The “one”–Maddie is adopted by her new “mom” in New York
Many of my friends post a lot about their beloved pets on Facebook. Most of the time, they are happy posts about their furry family members but once in a great while, friends will let us all know that their beloved pet had crossed the rainbow bridge. I saw just such a post by a women I knew was a huge dog lover. Her 13-year-old dog had just passed away and although it may seem insensitive, I told her about the dogs in Nepal, specifically Maddie. I told her Maddie’s story and asked that if she was interested in Maddie to let me know. No pressure, just a little nudge to see if this was Maddie’s big chance. Sure enough, I got a reply from Maddie’s soon-to-be adoptive mother. She thought Maddie was darling and wanted some information about her personality. Since I had spent almost 2 weeks with Maddie, I was able to tell her how wonderful she is and how badly she deserved a good home.
Her soon-to-be adopter told me she had to speak to her husband about Maddie but that ultimately it was her decision to adopt her or not. A week went by and I thought maybe Maddie’s possible adopter had changed her mind, but one evening I opened my Facebook page and there it was, a message from Maddie’s new mom asking when she could get her shipped to the US and what the process was to get Maddie into her waiting arms!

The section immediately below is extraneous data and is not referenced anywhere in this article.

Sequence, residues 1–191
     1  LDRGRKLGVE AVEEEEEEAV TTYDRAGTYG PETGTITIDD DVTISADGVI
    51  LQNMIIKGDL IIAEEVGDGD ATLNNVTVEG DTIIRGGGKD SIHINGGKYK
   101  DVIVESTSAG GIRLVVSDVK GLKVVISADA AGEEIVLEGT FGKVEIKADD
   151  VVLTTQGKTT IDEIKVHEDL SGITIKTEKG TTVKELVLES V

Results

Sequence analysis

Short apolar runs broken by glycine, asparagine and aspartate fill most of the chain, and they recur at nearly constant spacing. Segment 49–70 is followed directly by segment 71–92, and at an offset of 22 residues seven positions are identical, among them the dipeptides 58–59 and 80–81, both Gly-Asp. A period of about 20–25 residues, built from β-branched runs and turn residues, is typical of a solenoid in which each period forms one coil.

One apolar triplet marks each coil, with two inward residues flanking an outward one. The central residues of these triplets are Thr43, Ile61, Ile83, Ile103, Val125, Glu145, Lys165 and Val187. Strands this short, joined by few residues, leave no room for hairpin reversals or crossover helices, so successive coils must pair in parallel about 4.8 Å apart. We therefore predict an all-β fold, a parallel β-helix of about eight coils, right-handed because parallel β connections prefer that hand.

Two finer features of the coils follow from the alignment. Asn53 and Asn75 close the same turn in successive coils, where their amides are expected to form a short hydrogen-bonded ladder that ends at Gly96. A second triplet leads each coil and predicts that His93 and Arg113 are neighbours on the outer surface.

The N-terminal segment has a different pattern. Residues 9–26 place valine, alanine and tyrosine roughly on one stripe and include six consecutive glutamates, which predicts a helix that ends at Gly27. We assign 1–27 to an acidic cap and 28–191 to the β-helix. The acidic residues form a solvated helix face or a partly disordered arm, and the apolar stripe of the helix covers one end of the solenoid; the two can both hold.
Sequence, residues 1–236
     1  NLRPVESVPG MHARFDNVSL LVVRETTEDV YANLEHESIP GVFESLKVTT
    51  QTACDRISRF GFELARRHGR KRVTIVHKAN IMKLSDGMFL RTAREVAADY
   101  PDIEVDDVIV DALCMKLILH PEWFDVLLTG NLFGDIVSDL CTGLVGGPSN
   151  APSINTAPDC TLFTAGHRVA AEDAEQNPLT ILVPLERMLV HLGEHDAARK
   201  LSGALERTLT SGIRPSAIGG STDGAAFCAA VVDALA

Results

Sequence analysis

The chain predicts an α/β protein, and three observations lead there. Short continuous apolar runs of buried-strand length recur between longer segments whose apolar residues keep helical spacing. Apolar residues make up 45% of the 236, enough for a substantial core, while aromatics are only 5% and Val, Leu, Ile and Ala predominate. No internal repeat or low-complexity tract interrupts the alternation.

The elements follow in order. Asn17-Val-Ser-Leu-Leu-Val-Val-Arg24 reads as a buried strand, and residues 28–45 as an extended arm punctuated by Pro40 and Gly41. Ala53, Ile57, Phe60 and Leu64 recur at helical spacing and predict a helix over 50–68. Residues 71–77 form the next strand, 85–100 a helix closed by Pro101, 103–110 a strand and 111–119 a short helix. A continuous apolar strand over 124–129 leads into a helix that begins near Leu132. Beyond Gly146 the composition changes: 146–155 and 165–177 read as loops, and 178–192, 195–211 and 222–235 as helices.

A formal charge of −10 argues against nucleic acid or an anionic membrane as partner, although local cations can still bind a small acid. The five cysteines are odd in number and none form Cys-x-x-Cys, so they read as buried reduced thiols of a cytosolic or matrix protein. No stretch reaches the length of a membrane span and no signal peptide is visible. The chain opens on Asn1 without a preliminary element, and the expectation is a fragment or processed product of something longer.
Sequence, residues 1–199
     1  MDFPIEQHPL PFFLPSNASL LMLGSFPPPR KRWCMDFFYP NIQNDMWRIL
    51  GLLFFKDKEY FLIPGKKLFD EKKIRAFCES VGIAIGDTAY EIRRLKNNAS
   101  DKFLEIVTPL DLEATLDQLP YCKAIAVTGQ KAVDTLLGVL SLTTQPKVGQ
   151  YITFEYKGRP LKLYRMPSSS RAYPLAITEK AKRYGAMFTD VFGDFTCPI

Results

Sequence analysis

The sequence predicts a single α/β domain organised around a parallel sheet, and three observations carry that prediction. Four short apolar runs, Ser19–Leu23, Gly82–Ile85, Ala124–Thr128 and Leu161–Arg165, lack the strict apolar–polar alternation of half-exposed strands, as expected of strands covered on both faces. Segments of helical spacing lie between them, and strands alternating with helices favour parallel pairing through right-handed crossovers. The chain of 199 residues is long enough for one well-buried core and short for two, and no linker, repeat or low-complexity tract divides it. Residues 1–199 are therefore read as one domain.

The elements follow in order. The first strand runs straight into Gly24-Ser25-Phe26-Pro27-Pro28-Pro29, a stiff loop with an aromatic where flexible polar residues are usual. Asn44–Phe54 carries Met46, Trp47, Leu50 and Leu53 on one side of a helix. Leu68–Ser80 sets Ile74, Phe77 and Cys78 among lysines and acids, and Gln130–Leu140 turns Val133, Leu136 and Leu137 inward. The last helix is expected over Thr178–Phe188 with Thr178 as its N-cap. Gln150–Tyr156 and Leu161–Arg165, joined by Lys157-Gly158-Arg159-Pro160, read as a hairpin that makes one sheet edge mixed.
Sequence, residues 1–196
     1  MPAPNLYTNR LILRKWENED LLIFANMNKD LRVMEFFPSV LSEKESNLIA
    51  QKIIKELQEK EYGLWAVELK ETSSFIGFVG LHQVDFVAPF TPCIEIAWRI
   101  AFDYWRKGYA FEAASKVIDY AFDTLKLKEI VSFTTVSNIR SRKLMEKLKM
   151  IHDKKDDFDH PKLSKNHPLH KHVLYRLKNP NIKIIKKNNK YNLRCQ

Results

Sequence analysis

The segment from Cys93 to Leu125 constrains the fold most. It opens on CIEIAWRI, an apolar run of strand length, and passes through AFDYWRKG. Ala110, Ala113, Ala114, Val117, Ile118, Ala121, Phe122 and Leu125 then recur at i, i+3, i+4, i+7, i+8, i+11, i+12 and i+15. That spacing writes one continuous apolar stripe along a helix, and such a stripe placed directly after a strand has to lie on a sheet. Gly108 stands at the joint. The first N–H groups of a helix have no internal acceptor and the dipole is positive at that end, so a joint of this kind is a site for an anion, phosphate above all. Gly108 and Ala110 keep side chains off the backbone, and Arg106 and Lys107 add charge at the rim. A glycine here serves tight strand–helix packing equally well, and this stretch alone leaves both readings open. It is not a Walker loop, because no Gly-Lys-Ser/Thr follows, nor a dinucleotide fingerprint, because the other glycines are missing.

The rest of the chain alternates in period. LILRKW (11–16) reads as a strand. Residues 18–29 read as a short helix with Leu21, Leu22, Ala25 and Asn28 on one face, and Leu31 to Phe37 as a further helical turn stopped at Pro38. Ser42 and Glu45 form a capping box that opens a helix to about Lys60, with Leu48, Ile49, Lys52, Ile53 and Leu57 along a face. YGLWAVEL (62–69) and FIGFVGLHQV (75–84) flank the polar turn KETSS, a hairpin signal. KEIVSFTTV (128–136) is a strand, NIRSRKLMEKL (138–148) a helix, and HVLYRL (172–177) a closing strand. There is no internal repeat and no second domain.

Today, Maddie is waiting at the shelter for her paperwork to be put into order, her transport crate to be purchased and her plane ticket to be secured. Maddie doesn’t know it yet but her adventures have only just begun!
- Vets and vet techs
- Shelter workers (hardworking people who don’t mind getting dirty and helping out in the kennel)
- People to help arrange international adoptions
Contact Hillary Kloetzli for more information at Nepal Street Animal Rescue.
Donations may also be made directly to Sneha’s Care.
Latest posts by Hillary Kloetzli (see all)
- Sneha’s Care Rescue and World Vets Team Up To Reduce Street Dog Overpopulation in Nepal - January 17, 2018
- Maddie’s Story Part 3: Forever Home - July 14, 2017
- Maddie’s Story Part 2: From Kathmandu to New York - May 15, 2017